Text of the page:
So I'd rather see the owners showing strength right now. So the players fold faster. And we can have some basketball.
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Old 11-04-2011, 03:00 PM   #586 (permalink)
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Originally Posted by ValanciunasFanboy View Post
To be honest, I'd say very smart.
Agents leak that 50 players want 52% at any cost.
Stern leaks that half the owners won't even give the 50.

We all know how this is going to end. Players will fold. Owners will win.
It will be a 50-50 unless owners start feeling generous and give a 51-49 for more system concessions.
So I'd rather see the owners showing strength right now. So the players fold faster. And we can have some basketball.
Until the CBA expires next time around...
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Old 11-04-2011, 03:07 PM   #587 (permalink)
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Originally Posted by ValanciunasFanboy View Post
To be honest, I'd say very smart.
Agents leak that 50 players want 52% at any cost.
Stern leaks that half the owners won't even give the 50.

We all know how this is going to end. Players will fold. Owners will win.
It will be a 50-50 unless owners start feeling generous and give a 51-49 for more system concessions.
So I'd rather see the owners showing strength right now. So the players fold faster. And we can have some basketball.
I was actually responding to the quote from hunter.....
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Old 11-04-2011, 03:27 PM   #588 (permalink)
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Originally Posted by carp View Post
I was actually responding to the quote from hunter.....
It's almost impossible for a guy to be out front like he is and not come off as being quite dumb regularly. It's pretty easy for Stern to stand out in front of relatively anonymous owners and simply claim that no money is being made and that small market teams need a better shot at competing, while players clearly make good money and fight for the right to leave small market teams high and dry. That is until the same scenario repeats itself a few years down the road, but it's such a foolproof dynamic that it just doesn't matter how ridiculous the suggested positions end up being when the test of time comes into play.
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Old 11-04-2011, 04:09 PM   #589 (permalink)
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Originally Posted by LX View Post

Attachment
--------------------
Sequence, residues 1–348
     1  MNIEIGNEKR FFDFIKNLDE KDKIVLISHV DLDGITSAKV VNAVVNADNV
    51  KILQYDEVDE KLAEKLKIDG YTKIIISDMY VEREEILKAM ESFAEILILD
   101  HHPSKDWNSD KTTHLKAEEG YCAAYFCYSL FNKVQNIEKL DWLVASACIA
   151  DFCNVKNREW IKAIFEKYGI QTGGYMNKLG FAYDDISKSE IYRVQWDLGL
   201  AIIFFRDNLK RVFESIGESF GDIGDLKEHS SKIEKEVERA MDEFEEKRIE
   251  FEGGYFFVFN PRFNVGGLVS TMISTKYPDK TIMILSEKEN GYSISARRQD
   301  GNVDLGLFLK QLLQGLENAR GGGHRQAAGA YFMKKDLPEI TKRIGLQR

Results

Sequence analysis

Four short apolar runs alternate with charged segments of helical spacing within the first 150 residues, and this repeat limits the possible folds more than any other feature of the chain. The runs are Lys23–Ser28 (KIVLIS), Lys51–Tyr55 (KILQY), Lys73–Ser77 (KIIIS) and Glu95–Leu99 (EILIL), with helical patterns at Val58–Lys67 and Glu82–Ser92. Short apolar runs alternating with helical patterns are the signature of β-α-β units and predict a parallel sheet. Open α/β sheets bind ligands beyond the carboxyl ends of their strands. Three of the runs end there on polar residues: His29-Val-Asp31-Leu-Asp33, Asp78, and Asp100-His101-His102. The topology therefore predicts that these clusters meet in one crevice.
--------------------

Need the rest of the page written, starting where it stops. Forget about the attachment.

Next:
It's almost impossible for a guy to be out front like he is and not come off as being quite dumb regularly. It's pretty easy for Stern to stand out in front of relatively anonymous owners and simply claim that no money is being made and that small market teams need a better shot at competing, while players clearly make good money and fight for the right to leave small market teams high and dry. That is until the same scenario repeats itself a few years down the road, but it's such a foolproof dynamic that it just doesn't matter how ridiculous the suggested positions end up being when the test of time comes into play.
Solid perspective.
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Old 11-04-2011, 05:08 PM   #590 (permalink)
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I was actually responding to the quote from hunter.....
ahh.
true.
It pisses me off how Hunter keeps comparing players' salaries to owners' revenues.
Compare salaries to profits which right now are negative.
Players bring home the salaries.
Owners don't bring home the revenues, they spend the revenues so players can sleep in 5 star hotels and fly a private jet.
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Old 11-04-2011, 05:14 PM   #591 (permalink)
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Until the CBA expires next time around...
Yes, but our life's too short to worry about CBA 10 years from now.
I think we worry way too much about the current CBA as it is.

Besides, not like anything can change what's coming.
Owners will ask more, players will ask more, owners will win (unless the league will be just shamelessly profitable), same as always.
So, why worry.
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Old 11-05-2011, 07:44 AM   #592 (permalink)
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here's another look at this thing from an economist. This is his conclusion after explaining that the BRI split already takes care of the losses and that the system is most important to the average player rather than the stars.

LINK - grantland

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The owners have already been given enough concessions to address their concerns, and are largely independently wealthy anyway, so why are they continuing to draw a line in the sand? Because economics is a sideshow to them. Some owners are willing to cave. Micky Arison, the Heat owner, was fined $500,000 for intimating that he was willing to make a deal and that other owners were holding up the process. Mark Cuban used his brother to get the message out there that the owners would move to 51 percent. Yet other owners, most notably Dan Gilbert and Paul Allen, won't budge.